Claire Jones was a PhD student at the University of Edinburgh from 1985-89, where after she went on to work as a Research Fellow in the University's Department of Computer Science.
In honour of Claire Jones, a previous member of the Adelard team and a pioneer in the industrial application of formal methods, we actively promote the advancement of great female minds in the area of Computer Science.
Adelard sponsors the prize for the Best Performing Female MSc Student at the University of Edinburgh. This prize recognises the talent, knowledge and tremendous efforts of those who will no doubt go onto make significant contributions to the world after the completion of their degree.
Claire Jones prize 2022 winner
On the 24th November 2022, Miriam Beddig was awarded the Claire Jones prize as the Best Performing Female MSc Student at The University of Edinburgh's School of Informatics.
Miriam completed an MSc in Computer Science. Her thesis "Variational Quantum Algorithms for the Gaussian Mixture Model on Coresets" investigates how well the coreset technique works for the Gaussian Mixture model.
Even though classical computers are nowadays very powerful, some compute-intensive tasks, such as Machine Learning tasks, can still be infeasible due to the large input size of the data sets. To reduce the complexity, one possible solution is the usage of quantum computers. Quantum computing gained a lot of interest, since there exist quantum algorithms that have significantly lower time complexities for certain problems than their classical counterpart. However, current quantum devices are error-prone and very limited in their size.
To overcome the current limitations of quantum devices, one approach is to use so-called hybrid algorithms where the idea is to let a quantum computer and a classical computer solve a problem working together. In practice, this usually means that most of the computations are still performed on a classical computer, but small subroutines are pushed to a quantum computer. To gain an advantage over completely classical algorithms, these subroutines contain computations that can be computed efficiently on a quantum device but not on a classical device.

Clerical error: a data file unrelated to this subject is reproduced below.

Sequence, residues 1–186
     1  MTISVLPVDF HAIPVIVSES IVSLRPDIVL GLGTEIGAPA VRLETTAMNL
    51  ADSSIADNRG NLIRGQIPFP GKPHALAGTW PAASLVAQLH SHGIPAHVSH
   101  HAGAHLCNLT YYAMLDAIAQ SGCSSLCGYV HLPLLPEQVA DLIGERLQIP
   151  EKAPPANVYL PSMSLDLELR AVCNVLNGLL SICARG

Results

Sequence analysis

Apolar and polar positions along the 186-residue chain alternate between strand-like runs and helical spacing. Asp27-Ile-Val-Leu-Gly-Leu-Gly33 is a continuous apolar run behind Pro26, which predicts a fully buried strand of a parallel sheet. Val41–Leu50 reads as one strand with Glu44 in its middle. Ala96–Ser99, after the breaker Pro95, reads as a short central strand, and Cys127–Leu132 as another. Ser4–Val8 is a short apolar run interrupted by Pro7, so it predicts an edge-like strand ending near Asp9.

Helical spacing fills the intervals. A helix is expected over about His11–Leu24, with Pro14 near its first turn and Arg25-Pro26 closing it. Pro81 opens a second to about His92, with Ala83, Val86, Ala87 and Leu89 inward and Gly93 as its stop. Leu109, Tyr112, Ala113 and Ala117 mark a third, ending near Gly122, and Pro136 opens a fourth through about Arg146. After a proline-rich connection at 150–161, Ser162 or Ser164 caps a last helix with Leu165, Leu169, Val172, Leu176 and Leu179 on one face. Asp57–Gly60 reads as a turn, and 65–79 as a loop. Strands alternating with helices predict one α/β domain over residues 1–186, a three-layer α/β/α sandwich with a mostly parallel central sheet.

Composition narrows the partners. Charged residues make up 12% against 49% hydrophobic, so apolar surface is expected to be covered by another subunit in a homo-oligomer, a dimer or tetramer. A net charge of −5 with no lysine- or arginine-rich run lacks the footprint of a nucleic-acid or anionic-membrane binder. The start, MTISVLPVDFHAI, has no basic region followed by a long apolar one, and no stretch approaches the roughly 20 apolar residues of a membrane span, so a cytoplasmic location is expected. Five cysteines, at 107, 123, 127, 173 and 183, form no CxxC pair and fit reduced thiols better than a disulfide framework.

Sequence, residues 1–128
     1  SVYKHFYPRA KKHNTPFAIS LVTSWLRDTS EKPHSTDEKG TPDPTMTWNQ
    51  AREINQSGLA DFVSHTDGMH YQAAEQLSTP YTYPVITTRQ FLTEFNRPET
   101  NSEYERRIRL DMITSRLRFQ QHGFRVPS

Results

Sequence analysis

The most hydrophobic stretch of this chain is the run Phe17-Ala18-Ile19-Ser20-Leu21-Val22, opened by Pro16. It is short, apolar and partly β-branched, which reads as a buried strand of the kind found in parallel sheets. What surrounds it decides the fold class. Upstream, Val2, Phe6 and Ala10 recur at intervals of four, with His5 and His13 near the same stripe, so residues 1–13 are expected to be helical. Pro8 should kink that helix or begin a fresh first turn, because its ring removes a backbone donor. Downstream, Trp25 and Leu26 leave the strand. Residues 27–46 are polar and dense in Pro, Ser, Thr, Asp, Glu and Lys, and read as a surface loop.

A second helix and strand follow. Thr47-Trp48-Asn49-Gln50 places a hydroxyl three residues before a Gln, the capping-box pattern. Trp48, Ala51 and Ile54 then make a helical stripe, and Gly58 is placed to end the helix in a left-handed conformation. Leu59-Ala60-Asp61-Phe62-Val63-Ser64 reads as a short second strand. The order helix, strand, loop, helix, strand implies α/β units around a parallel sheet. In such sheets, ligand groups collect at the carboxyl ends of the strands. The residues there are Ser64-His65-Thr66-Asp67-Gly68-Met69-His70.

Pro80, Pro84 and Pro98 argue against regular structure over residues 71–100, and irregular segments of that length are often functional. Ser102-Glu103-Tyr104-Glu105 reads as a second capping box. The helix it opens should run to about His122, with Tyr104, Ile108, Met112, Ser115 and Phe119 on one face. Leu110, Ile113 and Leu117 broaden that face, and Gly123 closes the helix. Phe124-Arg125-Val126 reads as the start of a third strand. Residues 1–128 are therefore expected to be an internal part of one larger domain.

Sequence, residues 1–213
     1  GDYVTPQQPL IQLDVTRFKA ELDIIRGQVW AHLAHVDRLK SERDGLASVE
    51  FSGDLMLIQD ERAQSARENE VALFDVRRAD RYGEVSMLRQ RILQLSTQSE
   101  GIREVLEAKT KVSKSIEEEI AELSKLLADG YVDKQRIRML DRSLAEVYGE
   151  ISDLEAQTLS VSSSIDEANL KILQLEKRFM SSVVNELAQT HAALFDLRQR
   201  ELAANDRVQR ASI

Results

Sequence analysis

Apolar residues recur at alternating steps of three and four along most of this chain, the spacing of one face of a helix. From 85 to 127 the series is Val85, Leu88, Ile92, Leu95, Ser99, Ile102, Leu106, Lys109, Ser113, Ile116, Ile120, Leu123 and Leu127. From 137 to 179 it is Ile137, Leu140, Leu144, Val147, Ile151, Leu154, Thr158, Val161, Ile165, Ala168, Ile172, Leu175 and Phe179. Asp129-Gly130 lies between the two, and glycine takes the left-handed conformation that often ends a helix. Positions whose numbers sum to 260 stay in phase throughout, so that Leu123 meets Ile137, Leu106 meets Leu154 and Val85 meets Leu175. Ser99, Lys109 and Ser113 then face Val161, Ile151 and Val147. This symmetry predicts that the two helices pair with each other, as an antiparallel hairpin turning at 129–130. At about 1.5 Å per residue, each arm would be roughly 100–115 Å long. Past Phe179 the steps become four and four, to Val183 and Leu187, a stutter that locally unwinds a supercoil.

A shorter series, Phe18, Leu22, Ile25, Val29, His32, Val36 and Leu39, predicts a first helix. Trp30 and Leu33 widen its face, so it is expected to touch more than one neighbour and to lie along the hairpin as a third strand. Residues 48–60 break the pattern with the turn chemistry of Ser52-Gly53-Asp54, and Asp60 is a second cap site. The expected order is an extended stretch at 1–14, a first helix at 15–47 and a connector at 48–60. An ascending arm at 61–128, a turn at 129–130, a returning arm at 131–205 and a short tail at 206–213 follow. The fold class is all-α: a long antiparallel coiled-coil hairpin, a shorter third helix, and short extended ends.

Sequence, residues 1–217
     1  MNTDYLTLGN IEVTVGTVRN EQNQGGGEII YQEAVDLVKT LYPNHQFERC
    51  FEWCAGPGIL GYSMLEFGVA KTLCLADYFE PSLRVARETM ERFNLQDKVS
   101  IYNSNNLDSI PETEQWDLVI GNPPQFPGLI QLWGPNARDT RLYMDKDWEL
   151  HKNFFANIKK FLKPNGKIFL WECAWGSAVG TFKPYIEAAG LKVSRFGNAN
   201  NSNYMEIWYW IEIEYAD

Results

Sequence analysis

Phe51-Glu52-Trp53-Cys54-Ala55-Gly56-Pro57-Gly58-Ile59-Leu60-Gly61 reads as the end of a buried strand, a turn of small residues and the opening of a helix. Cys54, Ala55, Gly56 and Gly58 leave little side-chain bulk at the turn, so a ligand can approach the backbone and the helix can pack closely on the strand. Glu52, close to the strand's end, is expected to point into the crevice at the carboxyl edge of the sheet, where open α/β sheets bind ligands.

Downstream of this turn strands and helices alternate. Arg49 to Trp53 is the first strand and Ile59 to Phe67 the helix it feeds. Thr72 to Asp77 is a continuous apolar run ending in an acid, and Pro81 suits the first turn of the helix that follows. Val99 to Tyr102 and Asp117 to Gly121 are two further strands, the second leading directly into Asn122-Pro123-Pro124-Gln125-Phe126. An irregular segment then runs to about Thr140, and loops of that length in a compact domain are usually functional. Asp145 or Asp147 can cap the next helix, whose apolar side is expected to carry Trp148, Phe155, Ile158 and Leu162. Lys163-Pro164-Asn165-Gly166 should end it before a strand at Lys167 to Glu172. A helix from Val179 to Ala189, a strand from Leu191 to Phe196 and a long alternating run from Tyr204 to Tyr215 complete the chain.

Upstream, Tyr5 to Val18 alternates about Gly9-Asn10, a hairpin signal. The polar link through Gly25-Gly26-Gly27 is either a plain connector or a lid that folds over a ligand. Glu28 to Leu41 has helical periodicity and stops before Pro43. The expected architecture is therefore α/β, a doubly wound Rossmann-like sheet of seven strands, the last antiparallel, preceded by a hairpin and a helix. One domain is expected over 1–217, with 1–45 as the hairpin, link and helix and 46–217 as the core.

In her dissertation, Miriam used variational quantum algorithms - a certain class of hybrid algorithms. These are restricted in the size of the input due to the current limitations of quantum devices. To overcome this issue, Miriam considered the coreset technique which reduces a large data set to a representative smaller data set. The coreset then served as an input to variational quantum algorithms. This technique has been applied to estimate the parameters of the Gaussian Mixture Model. This model is a probabilistic model that is often used to find clusters of a data set.
Claire Jones prize 2021 winner
On the 30th November 2021, Christina Ovezik was awarded the Claire Jones prize as the Best Performing Female MSc Student at The University of Edinburgh's School of Informatics.
Claire Jones prize 2020 winner
On the 30th November 2020, Pia Siegele was awarded the Claire Jones prize as the Best Performing Female MSc Student at The University of Edinburgh's School of Informatics.
Pia completed an MSc in Cognitive Science. In her thesis “The Influence of Synaptic Remodelling on Neuronal Network Activity and Function” Pia used computational modelling techniques to investigate the dynamics of neuronal networks in the brain. More specifically, she was interested in understanding how neuronal networks maintain stable activity and function, despite the fact their components (the neurons and synapses) constantly change. Computational studies such as these provide insights into the principles of brain function in health and disease, and are of interest for the development of biologically inspired artificial neural networks.
You can access Pia’s work via the list of outstanding projects: https://project-archive.inf.ed.ac.uk/msc/2020-outstanding.html
Claire Jones prize 2019 winner
On the 23rd November 2019, Dimitra Giantsidi was awarded the Claire Jones prize as the Best Performing Female MSc Student at The University of Edinburgh's School of Informatics.
Claire Jones prize 2018 winner
On 29th November 2018, Carolin Scholl was awarded the Claire Jones prize by University of Edinbugh’s Head of School at the Informatics Forum.
Carolin Scholl was studying toward an Artificial Intelligence MSc degree and recently completed her thesis, “Pruning over-representations in stochastic latent encoder models”. Her thesis can be found via the list of outstanding projects https://project-archive.inf.ed.ac.uk/msc/2018-outstanding.html
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